Chicago blues legend fighting for his life, so his friend fight for him

For decades, he's played with the biggest and the best blues musicians in the world.

He’s the piano man whose talents earned him the name Barrelhouse Chuck.

Now the Chicago musician is fighting for his life.  He's not giving up.  And he’s happy to look back at a life he loved because music was at the center of it all.  He says music gave him purpose and gave him life and fed his soul.

He was born Harvey Charles Goering and as his musical talents exploded in the early years, Goering became known as Barrelhouse Chuck. He was an ambitious teen sniffing out nightclubs to play piano in then rose through the blues ranks and jammed with the best of  them over the years.  His inspirations include Muddy Waters,  B.B. King and Bo Didley.  He played with them all as well as Steve Winwood, Eric Clapton and Keith Richards.

Those are the big stars who he played with on stage and now the legends that fill six rooms in his basement.  From floor to ceiling 32’s, 45’s, 8-tracks and posters line the walls along with signed autographs, back stage passes and so much more. It’s also where Barrelhouse Chuck spends his time these days.  At 58, he's rarely touching the keyboard anymore.  Instead he's fighting Stage 4 prostate cancer with everything he's got.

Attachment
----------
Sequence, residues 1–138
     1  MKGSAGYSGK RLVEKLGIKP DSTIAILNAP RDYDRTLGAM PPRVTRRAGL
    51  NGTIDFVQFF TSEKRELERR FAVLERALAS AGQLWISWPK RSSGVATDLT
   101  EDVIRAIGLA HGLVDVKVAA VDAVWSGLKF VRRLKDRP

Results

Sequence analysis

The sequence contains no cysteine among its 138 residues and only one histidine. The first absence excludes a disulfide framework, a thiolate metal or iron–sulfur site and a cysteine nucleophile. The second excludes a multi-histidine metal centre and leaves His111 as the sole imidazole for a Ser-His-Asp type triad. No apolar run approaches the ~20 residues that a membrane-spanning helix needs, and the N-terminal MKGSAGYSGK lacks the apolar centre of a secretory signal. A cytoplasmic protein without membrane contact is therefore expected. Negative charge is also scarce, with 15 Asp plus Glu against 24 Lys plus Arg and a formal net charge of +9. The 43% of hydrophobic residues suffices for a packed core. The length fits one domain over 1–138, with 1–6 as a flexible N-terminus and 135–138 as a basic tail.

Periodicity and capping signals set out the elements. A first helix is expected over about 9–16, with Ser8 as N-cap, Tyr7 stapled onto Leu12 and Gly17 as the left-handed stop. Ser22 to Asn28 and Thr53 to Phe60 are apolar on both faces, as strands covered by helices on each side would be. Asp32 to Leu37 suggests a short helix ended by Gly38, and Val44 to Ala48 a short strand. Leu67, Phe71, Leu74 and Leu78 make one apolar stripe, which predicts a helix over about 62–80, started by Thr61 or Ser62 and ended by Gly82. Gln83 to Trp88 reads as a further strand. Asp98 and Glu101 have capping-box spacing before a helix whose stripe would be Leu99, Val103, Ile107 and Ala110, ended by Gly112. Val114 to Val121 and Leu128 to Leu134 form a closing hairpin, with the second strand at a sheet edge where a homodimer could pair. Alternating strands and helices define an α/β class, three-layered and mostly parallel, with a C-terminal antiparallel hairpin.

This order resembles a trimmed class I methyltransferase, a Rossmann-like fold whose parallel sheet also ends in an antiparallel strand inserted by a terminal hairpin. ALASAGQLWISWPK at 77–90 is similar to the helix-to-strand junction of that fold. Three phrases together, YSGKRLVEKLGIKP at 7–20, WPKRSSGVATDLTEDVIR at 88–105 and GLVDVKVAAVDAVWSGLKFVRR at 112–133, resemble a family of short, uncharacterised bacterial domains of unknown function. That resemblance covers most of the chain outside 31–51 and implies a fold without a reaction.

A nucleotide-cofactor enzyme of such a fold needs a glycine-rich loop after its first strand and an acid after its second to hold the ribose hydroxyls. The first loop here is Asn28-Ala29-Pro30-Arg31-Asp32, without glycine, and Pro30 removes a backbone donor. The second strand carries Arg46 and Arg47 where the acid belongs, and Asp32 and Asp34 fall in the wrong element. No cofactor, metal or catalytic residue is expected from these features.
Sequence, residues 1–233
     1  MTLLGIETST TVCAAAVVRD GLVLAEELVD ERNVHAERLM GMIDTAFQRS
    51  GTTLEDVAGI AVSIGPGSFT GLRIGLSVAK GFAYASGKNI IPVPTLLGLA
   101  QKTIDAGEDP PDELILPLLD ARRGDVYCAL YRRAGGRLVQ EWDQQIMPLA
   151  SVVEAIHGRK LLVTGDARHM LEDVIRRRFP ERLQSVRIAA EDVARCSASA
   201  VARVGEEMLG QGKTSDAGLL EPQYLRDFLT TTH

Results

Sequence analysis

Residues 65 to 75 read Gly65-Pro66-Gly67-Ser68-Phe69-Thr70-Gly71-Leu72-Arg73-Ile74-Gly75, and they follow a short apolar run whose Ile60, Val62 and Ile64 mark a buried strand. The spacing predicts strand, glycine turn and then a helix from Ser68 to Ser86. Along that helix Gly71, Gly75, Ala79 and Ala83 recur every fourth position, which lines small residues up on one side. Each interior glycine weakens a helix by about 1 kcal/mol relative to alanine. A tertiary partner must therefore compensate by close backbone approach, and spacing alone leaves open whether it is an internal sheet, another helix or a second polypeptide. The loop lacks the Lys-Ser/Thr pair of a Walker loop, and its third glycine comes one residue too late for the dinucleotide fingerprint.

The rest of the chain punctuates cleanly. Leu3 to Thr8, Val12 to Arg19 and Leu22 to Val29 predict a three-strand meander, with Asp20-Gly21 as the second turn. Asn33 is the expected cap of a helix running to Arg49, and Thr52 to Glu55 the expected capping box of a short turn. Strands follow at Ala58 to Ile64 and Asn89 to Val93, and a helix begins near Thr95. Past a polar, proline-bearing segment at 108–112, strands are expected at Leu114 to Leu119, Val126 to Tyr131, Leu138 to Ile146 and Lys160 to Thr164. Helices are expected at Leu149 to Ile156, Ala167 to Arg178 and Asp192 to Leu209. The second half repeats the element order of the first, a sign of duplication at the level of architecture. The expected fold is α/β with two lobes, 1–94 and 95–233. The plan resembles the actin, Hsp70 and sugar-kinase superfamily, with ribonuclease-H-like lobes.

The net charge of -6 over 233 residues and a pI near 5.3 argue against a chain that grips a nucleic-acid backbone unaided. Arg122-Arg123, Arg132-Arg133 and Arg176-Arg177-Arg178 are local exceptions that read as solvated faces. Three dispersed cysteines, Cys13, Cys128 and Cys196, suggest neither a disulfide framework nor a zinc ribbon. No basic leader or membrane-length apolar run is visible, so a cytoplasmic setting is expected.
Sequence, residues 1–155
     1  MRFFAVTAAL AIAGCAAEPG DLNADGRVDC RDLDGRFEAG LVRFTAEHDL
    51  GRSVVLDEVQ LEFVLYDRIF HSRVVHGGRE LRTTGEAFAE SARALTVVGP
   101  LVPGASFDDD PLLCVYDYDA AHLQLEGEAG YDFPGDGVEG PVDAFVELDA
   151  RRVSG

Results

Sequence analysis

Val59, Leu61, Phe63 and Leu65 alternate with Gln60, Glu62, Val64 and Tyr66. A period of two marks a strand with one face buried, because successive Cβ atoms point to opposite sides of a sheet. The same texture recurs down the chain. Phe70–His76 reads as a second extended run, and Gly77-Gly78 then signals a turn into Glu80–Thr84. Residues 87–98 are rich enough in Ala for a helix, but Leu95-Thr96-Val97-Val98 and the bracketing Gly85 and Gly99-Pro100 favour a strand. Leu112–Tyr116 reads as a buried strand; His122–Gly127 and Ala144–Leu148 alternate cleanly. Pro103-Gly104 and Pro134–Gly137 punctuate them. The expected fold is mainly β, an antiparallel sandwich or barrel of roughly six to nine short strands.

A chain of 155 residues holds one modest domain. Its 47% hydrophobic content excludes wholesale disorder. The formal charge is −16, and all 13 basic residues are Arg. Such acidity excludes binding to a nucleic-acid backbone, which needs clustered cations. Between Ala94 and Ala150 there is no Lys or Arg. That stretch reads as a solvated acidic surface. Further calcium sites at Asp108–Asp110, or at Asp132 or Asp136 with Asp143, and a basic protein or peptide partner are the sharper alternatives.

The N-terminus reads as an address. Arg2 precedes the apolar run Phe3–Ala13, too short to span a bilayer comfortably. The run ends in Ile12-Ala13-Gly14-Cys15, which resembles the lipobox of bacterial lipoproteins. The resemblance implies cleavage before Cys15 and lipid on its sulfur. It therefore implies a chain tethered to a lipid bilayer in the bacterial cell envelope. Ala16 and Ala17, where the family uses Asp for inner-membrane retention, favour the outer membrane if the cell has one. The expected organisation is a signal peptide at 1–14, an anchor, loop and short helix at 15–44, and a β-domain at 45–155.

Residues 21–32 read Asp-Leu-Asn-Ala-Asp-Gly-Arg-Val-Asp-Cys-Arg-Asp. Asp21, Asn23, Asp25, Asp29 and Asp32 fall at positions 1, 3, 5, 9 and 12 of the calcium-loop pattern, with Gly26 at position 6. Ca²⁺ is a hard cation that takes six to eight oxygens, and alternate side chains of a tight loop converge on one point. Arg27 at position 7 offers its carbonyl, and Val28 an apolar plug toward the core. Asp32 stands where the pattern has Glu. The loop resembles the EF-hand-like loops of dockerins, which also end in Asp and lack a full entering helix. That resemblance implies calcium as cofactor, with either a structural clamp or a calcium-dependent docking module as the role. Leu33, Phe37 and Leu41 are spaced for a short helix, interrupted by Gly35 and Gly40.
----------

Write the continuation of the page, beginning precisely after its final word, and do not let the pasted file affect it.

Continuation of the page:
Last month, he was honored at Buddy Guy's Legends and inducted into the Blues Hall of Fame. His old friend of 35 years, piano great Erwin Helfer says Chuck is one of the all-time best Chicago blues performers who is finally getting his due.

“I feel very lucky and honored I got to be here long enough to do that and still be alive to accept the award,” Barrelhouse Chuck says.

His health is on a steady decline and the hospital bills continue to pile up.

So his friends want to help. They built a GoFundMe page and in its first day raised over $10,000. They did it, they say, because Chuck, his whole life, has had a big heart.

The Grammy award nominee is leaving the rest of us with a lifetime of good music and good memories. His friends say Chuck's legacy in the blues world will always be very much alive.

“How I'd like to be remembered is as a guy who was here and just loved to do what I do,” he says.  "I hope I brought a smile to your face, because I sure had a good run. I sure did."

Chuck was in the hospital recently again. Treatment options are dwindling, but he's back home doing as well as can be expected.

Friends of Barrelhouse Chuck are hoping to raise $75,000 to cover medical bills that have accumulated over the years.